The book, Return to Order: From a Frenzied Economy to an Organic Christian Society—Where We’ve Been, How We Got Here, and Where We Need to Go, criticizes the mass standardization of products by claiming it tends to sacrifice quality and taste for a rough equivalent. This leads to mass markets and bland products.
Sometimes a good concrete example does more to illustrate a point more than a thousand words of pure theory. A recent report in The New York Times highlighted one such example of the problems associated with mass standardization. The article deals with … buttermilk.
Buttermilk is that liquid that remains after churning butter. This creamy and naturally cultured byproduct was long a popular beverage in rural America not unlike that of a yoghurt drink. In the South, buttermilk over crumbled corn bread was a supper classic. It is still used in cooking of biscuits, pancakes and dressings…or at least most think it is still used.
What many people do not realize is that commercial buttermilk is not really buttermilk. It is a standardized rough equivalent. Instead of rich cream, most diaries now use low-fat milk, skim milk or some other low-grade diary byproducts which is then fermented with cultures making it acidic. It is later thickened with carrageenan (a seaweed extract) or locust bean gum to make an over-thickened sour product marketed as “buttermilk.”
Authentic buttermilk is completely different. It is a light, tart and rich defatted milk with a slight taste of real butter. In times past, the buttermilk of each dairy would vary ever so slightly in taste depending on the breed of cow, feed and fermenting culture. Its extensive use in cooking and as a tangy yet refreshing beverage made it a staple of the American diet.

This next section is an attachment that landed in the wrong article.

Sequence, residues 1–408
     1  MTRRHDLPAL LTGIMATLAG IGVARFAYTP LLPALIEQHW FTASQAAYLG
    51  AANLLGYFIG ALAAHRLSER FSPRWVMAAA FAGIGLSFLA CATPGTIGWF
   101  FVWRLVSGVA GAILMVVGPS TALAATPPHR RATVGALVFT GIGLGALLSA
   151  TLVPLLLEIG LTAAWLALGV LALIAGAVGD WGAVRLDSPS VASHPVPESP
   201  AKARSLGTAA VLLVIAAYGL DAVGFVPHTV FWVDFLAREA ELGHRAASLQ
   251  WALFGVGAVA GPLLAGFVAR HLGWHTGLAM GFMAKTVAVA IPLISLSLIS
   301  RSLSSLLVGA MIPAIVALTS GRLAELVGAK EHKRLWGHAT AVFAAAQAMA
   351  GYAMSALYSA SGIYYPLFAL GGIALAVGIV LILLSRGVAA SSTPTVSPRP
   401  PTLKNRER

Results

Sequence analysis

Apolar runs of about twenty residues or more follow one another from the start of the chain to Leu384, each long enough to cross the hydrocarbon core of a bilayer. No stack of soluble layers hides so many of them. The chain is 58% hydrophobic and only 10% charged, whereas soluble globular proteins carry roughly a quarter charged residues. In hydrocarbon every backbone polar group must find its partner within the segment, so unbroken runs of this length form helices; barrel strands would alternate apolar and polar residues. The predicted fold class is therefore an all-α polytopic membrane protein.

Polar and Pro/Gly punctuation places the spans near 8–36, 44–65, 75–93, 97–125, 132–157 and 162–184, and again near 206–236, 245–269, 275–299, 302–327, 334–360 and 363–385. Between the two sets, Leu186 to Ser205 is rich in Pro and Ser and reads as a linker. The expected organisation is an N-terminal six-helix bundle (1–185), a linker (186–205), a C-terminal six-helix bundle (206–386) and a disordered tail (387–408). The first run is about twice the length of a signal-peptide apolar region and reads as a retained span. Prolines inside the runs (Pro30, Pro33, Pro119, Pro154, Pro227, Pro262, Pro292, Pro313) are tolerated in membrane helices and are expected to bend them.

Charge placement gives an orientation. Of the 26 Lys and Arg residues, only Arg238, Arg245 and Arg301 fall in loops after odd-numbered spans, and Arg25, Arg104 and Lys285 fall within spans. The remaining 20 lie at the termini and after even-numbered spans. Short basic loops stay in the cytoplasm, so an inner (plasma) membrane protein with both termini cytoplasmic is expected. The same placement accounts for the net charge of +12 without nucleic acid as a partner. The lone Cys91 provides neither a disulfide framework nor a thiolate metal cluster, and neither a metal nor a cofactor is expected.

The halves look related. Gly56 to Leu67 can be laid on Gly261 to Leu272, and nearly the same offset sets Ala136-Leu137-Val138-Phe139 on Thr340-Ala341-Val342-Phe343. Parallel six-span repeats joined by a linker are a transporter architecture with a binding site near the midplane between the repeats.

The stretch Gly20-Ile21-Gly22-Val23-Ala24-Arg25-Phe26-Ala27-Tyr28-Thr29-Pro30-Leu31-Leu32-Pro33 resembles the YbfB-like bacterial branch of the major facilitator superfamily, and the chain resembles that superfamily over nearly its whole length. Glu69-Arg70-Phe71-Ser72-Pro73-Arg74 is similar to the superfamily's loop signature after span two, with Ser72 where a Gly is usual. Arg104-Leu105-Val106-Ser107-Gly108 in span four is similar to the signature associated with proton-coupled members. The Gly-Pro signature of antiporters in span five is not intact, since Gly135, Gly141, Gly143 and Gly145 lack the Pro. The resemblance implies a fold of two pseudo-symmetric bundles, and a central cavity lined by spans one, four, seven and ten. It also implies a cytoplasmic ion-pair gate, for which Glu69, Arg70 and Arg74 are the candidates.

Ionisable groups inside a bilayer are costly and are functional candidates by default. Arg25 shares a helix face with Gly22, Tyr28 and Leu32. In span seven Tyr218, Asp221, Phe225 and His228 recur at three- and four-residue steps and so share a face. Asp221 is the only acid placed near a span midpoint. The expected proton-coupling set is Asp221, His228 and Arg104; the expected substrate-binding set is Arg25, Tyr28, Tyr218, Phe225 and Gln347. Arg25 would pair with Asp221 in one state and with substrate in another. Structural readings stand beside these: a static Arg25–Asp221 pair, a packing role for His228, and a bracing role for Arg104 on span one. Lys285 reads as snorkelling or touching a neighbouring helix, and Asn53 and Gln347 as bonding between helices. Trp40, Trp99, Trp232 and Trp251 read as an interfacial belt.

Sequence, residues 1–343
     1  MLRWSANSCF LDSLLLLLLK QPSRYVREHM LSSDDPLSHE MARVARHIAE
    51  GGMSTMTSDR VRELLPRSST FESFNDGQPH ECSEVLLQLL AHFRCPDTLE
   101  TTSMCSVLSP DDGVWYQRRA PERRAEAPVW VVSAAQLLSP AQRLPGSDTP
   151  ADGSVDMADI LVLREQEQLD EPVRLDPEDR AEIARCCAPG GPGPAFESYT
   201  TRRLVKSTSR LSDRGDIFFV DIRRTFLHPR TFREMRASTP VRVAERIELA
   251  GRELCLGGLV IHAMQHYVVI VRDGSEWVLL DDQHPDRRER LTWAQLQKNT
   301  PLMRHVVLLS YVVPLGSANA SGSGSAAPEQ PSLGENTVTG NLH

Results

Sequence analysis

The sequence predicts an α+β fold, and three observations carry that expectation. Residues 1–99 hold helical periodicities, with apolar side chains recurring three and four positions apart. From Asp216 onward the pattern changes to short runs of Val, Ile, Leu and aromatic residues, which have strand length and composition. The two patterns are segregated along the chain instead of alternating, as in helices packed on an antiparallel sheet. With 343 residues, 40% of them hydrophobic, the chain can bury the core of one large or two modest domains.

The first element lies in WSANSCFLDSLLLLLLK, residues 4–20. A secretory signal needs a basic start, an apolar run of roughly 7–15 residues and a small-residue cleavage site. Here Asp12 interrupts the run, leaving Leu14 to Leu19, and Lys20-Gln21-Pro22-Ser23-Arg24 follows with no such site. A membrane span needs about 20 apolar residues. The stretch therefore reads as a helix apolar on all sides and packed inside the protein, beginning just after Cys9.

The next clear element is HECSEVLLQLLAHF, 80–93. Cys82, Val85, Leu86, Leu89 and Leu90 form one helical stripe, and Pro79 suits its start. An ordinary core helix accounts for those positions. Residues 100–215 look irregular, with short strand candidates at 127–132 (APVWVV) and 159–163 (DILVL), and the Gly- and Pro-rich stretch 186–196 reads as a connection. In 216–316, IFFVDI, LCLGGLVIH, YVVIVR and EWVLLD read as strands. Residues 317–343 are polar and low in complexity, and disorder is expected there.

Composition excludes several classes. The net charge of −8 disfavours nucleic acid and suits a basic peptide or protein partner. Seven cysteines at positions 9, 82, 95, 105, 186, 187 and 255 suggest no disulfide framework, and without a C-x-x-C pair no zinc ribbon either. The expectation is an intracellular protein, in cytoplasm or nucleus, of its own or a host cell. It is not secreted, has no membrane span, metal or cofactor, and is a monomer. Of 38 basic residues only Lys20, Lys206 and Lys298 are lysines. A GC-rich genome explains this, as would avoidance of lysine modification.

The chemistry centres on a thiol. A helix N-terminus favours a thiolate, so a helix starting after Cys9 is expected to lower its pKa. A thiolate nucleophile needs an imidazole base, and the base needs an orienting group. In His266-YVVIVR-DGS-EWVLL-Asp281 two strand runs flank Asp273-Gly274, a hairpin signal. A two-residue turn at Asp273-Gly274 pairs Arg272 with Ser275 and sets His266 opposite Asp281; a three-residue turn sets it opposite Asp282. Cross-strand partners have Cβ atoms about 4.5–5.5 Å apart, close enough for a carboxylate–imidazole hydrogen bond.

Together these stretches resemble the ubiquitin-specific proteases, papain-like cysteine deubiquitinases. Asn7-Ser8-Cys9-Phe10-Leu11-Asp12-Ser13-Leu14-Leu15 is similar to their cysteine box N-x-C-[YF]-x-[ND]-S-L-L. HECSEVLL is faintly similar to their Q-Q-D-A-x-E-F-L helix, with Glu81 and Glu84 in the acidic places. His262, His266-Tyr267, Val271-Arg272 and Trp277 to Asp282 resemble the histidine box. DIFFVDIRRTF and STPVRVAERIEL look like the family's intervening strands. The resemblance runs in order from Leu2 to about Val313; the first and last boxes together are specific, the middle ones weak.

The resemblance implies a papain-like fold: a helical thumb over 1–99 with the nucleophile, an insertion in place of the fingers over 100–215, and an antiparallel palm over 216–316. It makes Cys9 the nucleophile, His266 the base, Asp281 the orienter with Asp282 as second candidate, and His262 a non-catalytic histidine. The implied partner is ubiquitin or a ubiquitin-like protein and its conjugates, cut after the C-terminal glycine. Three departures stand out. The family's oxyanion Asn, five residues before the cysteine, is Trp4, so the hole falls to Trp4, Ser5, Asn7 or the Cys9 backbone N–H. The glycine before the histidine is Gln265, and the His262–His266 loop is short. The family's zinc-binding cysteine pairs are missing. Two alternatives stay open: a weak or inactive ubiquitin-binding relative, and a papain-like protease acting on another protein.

Needless to say, there is a world of difference between this creamy buttermilk and the commercial version that goes by the same name. The tragedy of it all is that this cheap and tasty treat used to be available to everyone before its mass standardization. Today, the simple pleasure of enjoying real buttermilk is practically lost, and our culture is impoverished as a result.
There is however a healthy reaction to standardized buttermilk. The New York Times reports that some Americans are rediscovering the tangy taste of genuine buttermilk. Small specialized dairies are starting to produce and market the real thing. Restaurant owners and chefs are using real buttermilk to give zest and great taste to their menus. While these efforts are to be applauded, they do not address the central issue of a return to a whole culture that gives value to these simple yet nonstandardized things.
Return to Order is about this preferential option for quality and authenticity. We state that in the mass standardization that characterizes so much of today’s production, we have lost something as important as the cream that once was used to make real buttermilk. In our mad rush to expand production and maximize efficiency, we have taken out something of the soul of products. Sour equivalents have been put in their place to such an extent that many do not even realize what we have lost. That is why we affirm that we have adulterated our products and our culture and we now need to recover the authentic soul of both.